In the paper, the team outlines how one bad copy of the stem cell gene, podocalyxin, can make mice highly sensitive to FSGS. A recent study has shown that people with only one good copy of the same gene are also prone to late-onset FSGS. “This makes our mouse an exquisitely accurate model of the disease,” McNagny says, “and what this indicates is that lowering the level of expression of podocalyxin through means besides mutation, like shedding in response to inflammatory disease, may enhance our susceptibility to FSGS.”
What is the significance of these findings? According to McNagny’s team, this raises an interesting idea in understanding kidney disease. “Not only does this tell us that expression alterations in podocalyxin may be responsible for a much larger percentage of kidney disease, we think our data is telling us that lower levels of this protein coupled with a secondary hit, such as exposure to drugs or infections, can set you up for FSGS.”
Currently, there is no cure for FSGS and the only way to diagnose it is an invasive kidney biopsy, but the insights provided by their new model offer an ideal opportunity to explore and test both novel therapeutics and avenues for treatment. And this extends beyond FSGS to the possible prevention of other types of kidney diseases. Because FSGS is one of the leading causes of end-stage kidney disease, the chance to better identify the early pathophysiological changes that occur in kidneys before the full-blown disease develops could have profound positive impacts on the design of new therapies and patient outcomes.
When asked what sparked this line of inquiry, the team’s answer encompassed so many of humanity’s small and large steps forward in science: it came down to a bit of serendipity and a bit of hard work. “Last year, a separate group described how having only one good copy of the podocalyxin gene lead to FSGS in humans,” says Ido Refaeli, the lead author of the study. “What was interesting to us was that our mice with only one copy of the gene have a very similar mutation but do not acquire kidney disease spontaneously. We decided to test the hypothesis that these mutations in podocalyxin lower an individual’s threshold for secondary insults and stresses. This proved true, insults that have no effect on normal mice cause full blown FSGS in our mice and it is quite likely a similar mechanism is also true for humans bearing these mutations.”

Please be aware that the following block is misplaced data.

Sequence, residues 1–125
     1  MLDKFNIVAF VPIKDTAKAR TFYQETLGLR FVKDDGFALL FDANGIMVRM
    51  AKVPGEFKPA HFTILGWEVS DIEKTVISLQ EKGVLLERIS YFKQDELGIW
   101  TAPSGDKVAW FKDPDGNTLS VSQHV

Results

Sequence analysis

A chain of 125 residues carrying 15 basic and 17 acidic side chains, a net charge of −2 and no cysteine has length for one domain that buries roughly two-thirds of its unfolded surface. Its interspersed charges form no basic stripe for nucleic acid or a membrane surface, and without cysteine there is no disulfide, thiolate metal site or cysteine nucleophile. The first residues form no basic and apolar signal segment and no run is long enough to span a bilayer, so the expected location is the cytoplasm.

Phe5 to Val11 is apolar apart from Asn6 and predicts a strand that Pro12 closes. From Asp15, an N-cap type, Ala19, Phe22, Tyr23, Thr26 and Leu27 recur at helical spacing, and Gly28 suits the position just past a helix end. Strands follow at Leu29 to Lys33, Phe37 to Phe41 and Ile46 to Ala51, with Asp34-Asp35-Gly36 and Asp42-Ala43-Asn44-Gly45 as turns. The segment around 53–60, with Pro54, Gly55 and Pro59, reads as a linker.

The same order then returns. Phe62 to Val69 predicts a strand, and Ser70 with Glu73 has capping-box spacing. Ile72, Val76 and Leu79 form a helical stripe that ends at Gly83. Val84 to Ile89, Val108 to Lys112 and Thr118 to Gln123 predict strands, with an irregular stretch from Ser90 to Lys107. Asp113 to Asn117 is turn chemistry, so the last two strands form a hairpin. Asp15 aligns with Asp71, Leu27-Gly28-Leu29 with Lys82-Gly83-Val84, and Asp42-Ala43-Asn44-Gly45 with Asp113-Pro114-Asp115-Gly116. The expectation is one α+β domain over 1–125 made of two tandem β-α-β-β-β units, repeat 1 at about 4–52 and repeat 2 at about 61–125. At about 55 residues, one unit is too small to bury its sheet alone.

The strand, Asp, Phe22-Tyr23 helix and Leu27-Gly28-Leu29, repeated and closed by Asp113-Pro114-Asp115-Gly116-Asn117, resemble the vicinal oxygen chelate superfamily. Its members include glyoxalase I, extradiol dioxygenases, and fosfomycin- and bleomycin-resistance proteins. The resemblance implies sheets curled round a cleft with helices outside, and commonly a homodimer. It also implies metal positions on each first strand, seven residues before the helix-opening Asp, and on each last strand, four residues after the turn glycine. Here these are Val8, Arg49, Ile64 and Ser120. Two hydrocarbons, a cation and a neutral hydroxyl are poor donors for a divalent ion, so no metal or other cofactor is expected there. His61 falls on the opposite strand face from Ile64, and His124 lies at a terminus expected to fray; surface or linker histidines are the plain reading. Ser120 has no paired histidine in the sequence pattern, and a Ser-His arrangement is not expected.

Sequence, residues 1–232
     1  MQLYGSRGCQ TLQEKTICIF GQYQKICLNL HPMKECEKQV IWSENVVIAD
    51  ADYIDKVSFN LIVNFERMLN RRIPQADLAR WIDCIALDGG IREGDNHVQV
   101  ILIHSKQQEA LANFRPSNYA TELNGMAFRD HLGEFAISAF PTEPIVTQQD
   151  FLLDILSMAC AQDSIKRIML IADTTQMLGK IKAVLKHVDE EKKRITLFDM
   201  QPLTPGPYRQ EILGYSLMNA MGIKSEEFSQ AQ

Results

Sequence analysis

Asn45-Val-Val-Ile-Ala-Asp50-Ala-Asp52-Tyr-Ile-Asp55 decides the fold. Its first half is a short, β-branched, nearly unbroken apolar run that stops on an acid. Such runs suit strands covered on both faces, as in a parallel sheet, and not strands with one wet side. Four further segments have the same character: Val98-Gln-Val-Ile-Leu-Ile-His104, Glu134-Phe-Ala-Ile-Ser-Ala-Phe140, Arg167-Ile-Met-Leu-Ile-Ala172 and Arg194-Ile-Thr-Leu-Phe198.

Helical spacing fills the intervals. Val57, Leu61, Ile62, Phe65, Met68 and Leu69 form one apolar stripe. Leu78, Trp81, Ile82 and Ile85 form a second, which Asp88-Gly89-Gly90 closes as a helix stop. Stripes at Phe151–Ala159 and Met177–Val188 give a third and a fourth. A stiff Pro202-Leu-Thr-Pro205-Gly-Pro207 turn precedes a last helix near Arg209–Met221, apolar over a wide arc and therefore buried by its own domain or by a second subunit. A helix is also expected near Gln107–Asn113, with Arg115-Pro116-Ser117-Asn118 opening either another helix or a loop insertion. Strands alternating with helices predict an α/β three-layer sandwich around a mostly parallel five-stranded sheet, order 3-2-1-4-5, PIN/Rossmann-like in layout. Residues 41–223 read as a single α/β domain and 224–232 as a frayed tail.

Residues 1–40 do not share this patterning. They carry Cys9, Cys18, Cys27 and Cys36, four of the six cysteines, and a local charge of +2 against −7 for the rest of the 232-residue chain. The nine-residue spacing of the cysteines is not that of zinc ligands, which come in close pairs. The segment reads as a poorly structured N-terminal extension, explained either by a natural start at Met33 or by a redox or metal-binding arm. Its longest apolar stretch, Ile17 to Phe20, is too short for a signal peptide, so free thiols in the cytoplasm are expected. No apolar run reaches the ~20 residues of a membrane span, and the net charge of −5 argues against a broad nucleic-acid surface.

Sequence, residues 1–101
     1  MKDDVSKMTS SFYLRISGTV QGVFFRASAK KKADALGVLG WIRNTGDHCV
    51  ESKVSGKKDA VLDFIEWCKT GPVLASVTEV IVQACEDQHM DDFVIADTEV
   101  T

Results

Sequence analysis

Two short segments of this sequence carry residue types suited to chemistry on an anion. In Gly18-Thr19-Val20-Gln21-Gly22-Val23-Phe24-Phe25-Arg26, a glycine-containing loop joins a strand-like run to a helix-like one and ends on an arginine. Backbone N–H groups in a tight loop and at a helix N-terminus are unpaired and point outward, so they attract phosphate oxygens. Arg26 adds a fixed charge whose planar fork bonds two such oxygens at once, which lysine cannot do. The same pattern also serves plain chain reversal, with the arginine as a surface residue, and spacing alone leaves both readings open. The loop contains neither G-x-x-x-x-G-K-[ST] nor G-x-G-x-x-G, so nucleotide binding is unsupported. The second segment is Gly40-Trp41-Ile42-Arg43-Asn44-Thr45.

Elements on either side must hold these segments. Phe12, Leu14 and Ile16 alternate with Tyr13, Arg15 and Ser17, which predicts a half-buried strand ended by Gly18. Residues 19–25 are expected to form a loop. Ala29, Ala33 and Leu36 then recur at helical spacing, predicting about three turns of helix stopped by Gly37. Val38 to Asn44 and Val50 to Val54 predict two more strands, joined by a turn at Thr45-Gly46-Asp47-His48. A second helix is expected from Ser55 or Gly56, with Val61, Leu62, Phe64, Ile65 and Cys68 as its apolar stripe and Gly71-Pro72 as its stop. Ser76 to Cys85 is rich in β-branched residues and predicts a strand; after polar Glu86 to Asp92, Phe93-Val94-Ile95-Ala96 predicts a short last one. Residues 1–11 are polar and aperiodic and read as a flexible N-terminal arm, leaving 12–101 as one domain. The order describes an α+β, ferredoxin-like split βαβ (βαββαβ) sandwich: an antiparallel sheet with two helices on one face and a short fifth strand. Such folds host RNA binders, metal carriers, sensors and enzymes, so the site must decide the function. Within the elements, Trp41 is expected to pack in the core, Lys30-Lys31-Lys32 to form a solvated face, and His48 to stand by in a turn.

The next step for this research is to try to find biomarkers that can help scientists and physicians identify those people who are more likely to develop the disease. This would make early diagnosis easier while offering clues about novel avenues of treatment. These mice also provide an excellent model to test candidate therapies that could cure or slow the progression of kidney disease in people.
“We’ve already started looking at alterations in gene expression that occur before obvious symptoms of disease arise, and we’re seeing a fascinating shift in key biological pathways,” says McNagny. “We’re hoping this will give us more insights into how the disease starts and how we can halt or slow its progression.”
The McNagny lab’s work is an exciting example of what researchers are discovering and building on the leading edge of science. Dr. McNagny sums this up best when he says, “It’s a true example of how complicated biology can be, but also of how following the clues that lead off the path can bring you to a very important discovery.”
This work was generously supported by the Barbara Opperman Kidney Research Fund
Dr. Kelly McNagny is an immunologist and stem cell biologist and Professor in Medical Genetics with the School of Biomedical Engineering. He has trained in top labs in the US and Europe and is the Former Associate Scientific Director of the Canadian AllerGen Network Centre of Excellence.